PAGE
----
All side streams from the bioproduct mill are planned to be utilised in the ecosystem that will be formed by various companies around the mill. The bioproduct mill will create a diverse ecosystem of bioeconomy companies that will develop and produce the bioproducts of the future from wood raw materials. This ecosystem will be beneficial not only to the region, but also Finland as a whole. In addition to pulp it will produce bioproducts such as tall oil, turpentine, lignin products, electricity and wood fuel. Potential new products created from production side streams include product gas, sulphuric acid, textile fibres, biocomposites, fertilisers and biogas. There will be a bark gasification plant and the gas produced from the bark will replace the heavy fuel oil used in the lime kiln. The mill is designed to allow for a broad, diverse range of products manufactured by a unique bioeconomy ecosystem of companies.

Using the word ecosystem in this context is an interesting and new way of describing what previously would have been called a pulp mill, and nothing but that. The word biorefinery has been around since Borregaard in Norway and Domsjö Fabriker in Sweden for good reasons started to use this term. Since than quite a few mills have labelled themselves biorefineries. However, by using the terms bioproduct mill and ecosystem for an industrial activity like the one in Äänekoski indicates a new way of thinking. Big modern mills will "not only be" pulp mills but bioproduct mills producing an array of products based on renewable forest raw material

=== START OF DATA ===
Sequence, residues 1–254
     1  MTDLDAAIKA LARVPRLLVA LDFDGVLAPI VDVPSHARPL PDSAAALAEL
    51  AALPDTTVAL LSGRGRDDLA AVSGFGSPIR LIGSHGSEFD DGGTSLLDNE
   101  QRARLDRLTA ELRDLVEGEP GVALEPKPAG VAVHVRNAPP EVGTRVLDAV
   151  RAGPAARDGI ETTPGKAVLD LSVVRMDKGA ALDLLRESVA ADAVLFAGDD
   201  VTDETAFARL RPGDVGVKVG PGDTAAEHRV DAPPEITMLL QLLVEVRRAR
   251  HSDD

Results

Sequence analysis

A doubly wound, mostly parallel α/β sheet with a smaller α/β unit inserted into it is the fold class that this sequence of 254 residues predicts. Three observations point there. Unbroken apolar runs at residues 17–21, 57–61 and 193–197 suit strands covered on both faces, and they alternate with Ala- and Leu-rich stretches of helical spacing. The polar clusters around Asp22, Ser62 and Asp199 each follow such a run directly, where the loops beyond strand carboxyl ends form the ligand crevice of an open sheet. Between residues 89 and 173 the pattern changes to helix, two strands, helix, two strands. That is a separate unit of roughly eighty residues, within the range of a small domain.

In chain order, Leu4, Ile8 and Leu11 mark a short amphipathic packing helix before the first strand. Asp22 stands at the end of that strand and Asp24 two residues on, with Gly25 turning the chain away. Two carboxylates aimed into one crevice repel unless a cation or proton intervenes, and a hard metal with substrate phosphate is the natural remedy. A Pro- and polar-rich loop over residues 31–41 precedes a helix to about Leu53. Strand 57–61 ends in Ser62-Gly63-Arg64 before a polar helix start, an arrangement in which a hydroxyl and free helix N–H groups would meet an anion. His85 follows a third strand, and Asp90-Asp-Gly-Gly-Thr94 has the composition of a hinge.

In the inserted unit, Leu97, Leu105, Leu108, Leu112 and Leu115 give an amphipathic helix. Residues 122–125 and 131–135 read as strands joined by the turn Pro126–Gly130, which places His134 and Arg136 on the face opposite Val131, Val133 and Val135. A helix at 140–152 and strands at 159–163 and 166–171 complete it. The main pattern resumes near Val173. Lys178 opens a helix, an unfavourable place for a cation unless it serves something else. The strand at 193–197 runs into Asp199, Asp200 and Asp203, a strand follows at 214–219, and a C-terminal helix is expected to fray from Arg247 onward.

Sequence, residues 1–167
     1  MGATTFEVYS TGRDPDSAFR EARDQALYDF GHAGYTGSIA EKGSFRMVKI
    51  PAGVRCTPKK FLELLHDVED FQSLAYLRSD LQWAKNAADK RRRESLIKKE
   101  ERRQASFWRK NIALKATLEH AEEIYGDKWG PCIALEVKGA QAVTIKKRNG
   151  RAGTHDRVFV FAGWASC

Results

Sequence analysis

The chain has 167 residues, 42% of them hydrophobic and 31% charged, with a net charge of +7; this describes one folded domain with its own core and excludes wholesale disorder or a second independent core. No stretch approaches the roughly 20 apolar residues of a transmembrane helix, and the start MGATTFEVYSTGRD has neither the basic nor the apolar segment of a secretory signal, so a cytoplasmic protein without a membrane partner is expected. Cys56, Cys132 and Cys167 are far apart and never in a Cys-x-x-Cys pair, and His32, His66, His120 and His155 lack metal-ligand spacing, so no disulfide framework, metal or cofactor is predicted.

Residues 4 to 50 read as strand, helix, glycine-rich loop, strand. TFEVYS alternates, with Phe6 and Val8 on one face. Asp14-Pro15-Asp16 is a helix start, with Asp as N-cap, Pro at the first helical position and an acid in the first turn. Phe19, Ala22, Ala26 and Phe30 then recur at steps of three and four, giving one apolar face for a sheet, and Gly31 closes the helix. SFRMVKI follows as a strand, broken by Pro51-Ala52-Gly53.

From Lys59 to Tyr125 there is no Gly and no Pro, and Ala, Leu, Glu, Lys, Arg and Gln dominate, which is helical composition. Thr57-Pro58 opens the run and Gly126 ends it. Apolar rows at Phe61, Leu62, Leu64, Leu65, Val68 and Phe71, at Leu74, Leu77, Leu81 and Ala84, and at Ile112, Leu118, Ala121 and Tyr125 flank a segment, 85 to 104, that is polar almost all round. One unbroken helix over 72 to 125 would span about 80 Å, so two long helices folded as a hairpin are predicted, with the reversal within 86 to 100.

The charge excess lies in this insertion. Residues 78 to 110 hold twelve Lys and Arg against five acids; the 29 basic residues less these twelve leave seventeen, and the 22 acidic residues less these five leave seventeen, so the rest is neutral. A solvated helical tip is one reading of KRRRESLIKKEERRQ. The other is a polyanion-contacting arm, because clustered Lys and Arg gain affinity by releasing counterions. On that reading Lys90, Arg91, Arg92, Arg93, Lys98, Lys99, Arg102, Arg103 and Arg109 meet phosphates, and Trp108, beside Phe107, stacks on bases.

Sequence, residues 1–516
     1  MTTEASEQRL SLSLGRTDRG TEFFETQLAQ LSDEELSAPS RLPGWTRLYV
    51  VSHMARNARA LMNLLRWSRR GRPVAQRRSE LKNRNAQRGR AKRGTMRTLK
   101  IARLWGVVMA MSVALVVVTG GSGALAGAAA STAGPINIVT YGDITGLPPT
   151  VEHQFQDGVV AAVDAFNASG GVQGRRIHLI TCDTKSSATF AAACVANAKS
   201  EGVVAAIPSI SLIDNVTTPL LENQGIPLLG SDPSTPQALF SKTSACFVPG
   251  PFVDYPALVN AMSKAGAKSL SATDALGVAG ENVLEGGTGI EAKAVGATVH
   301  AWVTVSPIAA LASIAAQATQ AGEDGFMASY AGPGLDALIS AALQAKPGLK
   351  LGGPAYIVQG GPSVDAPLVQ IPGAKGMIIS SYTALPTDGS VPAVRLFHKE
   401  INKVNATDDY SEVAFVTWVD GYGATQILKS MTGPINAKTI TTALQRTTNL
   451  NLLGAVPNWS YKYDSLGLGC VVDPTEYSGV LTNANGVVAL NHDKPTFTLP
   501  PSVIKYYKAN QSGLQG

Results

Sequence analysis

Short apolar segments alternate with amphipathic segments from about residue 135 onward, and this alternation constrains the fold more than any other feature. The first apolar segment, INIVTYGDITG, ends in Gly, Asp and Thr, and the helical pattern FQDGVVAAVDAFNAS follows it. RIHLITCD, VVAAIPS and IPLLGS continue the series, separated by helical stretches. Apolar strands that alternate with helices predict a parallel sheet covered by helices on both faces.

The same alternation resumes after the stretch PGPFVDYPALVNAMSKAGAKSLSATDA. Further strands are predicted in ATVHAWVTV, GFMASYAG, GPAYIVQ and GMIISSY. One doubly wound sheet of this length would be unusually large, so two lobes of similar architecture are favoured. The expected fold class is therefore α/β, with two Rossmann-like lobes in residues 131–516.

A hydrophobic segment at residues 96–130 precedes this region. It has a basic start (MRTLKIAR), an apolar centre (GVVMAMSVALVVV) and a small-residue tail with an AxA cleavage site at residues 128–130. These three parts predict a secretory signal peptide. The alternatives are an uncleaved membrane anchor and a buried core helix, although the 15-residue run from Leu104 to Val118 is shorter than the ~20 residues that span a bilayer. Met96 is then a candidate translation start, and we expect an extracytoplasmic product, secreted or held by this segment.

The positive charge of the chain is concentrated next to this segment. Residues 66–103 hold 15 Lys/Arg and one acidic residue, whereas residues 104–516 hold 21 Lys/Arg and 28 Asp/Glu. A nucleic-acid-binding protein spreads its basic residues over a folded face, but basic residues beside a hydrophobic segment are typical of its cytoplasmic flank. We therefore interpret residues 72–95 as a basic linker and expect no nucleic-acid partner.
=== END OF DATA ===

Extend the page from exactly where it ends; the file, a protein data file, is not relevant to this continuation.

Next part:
Hans Henrik Øvrebø, researcher at Borregaard in Norway, demonstrates microfibrillated cellulose produced in their recently opened MFC plant.

The power of words is strong

In act 2 of Shakespeare's Hamlet he answers Polonius with the famous line; Words, words, words. Without analysing too deeply, one can definitely state that choosing the right word or words is important as the choice reflects the idea and purpose with the subject in question.

One example is a quote from one of the investors buying the Domsjö sulphite mill from MoDo in 1999. "MoDo sold a pulp mill but we bought a biorefinery". The parties viewed the same process equipment and buildings with totally different eyes. To MoDo it was a pulp mill and a wood sourcing problem, but to the group of investors it was a biorefinery to be - which it successfully also turned out to be. By strongly communicating Domsjö as a biorefinery and act accordingly, internally as well as externally, the doomed pulp mill was turned into a successful biorefinery.

The power of words is strong, provided that the words are backed by strong commitments in terms of investments, research, process development and a sustainable industrial activity. That is why I like the fact that Metsä Fibre in wording has gone from a pulp mill to a bioproduct mill in Äänekoski. The name Äänekoski is in English "The Sound Rapids" and may the sound of the words bioproduct mill and ecosystem in this context be successfully spread as they excellently describe a modern pulp mill and its future opportunities.